For any missing assignments, an "I" will be entered by the teacher, meaning "incomplete grade." Per GADOE guidance, FCS is adopting a no-zero policy during the remote learning period, the guide reads.
"That incomplete does not have a negative effect on a student's grade. It really starts a process of which each school will have a nonengagement team, and this will allow us to find those students who are not engaged," Jones said during the April 2 board meeting. "We feel like this could be a really important lever for us to be able to pull to get resources to our students."
For elementary and middle school students, if less than 70% of remote learning assignments are complete, an incomplete grade will be assigned on the report card, and students will be required to attend summer school. For high school students, failure to engage in remote learning with multiple incomplete assignments will result in mandatory summer school.
Any high school student failing a course prior to March 12 will be given opportunities to raise their grade during the remote learning period, according to the guide.
While state accountability exams and International Baccalaureate exams are canceled, remote Advanced Placement testing will still occur, the guide reads. Testing begins May 11 and continues through May, according to newly released testing dates by the College Board.
Additionally, the instructional setting and placement recommendations for on-level, advanced or accelerated English Language Arts and/or mathematics courses for K-5 students as well as honors, AP or International Baccalaureate courses for middle and high school students should not be affected by the remote learning program when possible, according to the guide. For K-5 students, student placement as of March 12 will remain in place for the following year.
Students in grades six to 12 will also remain in their placement recommendations for the 2020-21 academic year. If a student receives an incomplete grade in the course due to lack of engagement during remote learning but completes the required summer school experience, placement in an advanced or accelerated course will continue for the 2020-21 year. Students who do not clear the incomplete over the summer and are recommended for placement in the next grade level may be considered for the on-level version of the course.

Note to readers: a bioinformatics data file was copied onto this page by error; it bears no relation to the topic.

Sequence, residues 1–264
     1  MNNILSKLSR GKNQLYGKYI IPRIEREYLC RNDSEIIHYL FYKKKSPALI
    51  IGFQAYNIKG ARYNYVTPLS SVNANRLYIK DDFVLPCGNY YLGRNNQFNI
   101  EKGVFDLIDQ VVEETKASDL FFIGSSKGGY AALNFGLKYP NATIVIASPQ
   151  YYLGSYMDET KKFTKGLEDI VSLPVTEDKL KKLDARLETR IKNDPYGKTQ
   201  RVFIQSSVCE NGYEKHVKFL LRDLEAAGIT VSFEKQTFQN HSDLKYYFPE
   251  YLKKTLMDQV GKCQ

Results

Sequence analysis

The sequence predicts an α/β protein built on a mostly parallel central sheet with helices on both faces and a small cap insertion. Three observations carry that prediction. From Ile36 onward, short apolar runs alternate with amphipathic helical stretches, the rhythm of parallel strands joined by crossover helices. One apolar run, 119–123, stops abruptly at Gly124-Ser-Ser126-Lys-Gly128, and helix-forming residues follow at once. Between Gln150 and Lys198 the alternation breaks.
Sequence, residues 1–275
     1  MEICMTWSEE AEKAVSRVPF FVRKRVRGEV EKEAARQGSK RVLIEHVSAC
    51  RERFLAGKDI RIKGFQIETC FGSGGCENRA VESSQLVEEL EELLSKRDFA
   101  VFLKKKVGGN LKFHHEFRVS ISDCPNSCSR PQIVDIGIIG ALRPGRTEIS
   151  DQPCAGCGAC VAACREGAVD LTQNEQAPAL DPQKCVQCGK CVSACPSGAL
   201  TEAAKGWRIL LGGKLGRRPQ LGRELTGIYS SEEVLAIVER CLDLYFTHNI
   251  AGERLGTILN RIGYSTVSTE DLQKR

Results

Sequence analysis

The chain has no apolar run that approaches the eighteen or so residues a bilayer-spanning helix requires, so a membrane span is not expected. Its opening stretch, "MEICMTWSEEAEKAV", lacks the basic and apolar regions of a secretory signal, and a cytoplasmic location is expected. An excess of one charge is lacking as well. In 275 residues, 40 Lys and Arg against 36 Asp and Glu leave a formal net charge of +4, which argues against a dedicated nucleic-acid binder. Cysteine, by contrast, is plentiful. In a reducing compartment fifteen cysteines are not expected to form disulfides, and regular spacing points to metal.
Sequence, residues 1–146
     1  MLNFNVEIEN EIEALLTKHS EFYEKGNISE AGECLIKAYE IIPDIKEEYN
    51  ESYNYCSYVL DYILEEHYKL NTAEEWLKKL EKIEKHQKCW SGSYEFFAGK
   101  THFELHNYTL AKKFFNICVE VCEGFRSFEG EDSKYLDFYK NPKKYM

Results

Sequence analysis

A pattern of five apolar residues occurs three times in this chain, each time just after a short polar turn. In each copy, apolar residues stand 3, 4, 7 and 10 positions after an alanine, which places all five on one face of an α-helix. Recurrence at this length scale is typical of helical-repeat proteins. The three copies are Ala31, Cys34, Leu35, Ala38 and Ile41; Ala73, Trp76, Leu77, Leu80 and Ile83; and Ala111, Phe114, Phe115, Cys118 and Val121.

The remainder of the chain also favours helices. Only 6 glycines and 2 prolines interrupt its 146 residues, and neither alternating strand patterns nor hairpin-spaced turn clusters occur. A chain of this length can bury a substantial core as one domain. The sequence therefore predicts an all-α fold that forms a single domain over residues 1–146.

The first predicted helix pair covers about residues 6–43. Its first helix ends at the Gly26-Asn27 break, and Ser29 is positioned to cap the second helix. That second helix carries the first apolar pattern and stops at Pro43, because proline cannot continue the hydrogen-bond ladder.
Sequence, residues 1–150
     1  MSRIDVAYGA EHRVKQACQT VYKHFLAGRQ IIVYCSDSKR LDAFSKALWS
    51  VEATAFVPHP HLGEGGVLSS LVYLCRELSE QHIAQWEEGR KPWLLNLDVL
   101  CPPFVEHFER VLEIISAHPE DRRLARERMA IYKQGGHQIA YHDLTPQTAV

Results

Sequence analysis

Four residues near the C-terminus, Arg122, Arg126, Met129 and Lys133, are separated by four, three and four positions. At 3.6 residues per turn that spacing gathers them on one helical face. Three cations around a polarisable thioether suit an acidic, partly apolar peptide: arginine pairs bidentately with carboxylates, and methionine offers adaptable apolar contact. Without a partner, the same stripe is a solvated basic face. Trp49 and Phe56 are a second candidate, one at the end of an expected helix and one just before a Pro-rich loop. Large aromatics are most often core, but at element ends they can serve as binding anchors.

"We want to make sure that we're rewarding students for being engaged during this time but also holding them accountable as much as possible with fairness and equity," Jones said during the FCS board meeting.
Looney read a letter to the senior class during the April 2 FCS board meeting, urging them to help develop inventive approaches to graduation that will serve as an alternate method to the traditional in-person ceremonies.
"As the first graduating class in my tenure as the superintendent of Fulton County Schools, you will always hold a special place in my heart," Looney said in the letter. "I am profoundly saddened that these unprecedented circumstances have taken away opportunities to experience so many of the cherished moments associated with your senior year."
He said he has asked individual campus principals to begin consulting with seniors and begin making plans for a modified ceremony at each high school.
"This might include a blend of virtual and in-person participation while adhering to social distancing requirements, or it could be more of a virtual nontraditional ceremony," Looney said in the letter. "While our plans for a normal conclusion to the school year have come to a halt, I call on you and your collective wisdom to devise solutions that allow us to replace traditional ceremonies with new ways to honor you in the manner of which you are deserving."
All graduation-eligible seniors' academic year will end May 1, Looney said. A schedule for producing final transcripts is forthcoming, and any student needing extra time to meet the required graduation requirements will be given time to do so by their local school administration.
To view the complete remote learning guide, see below: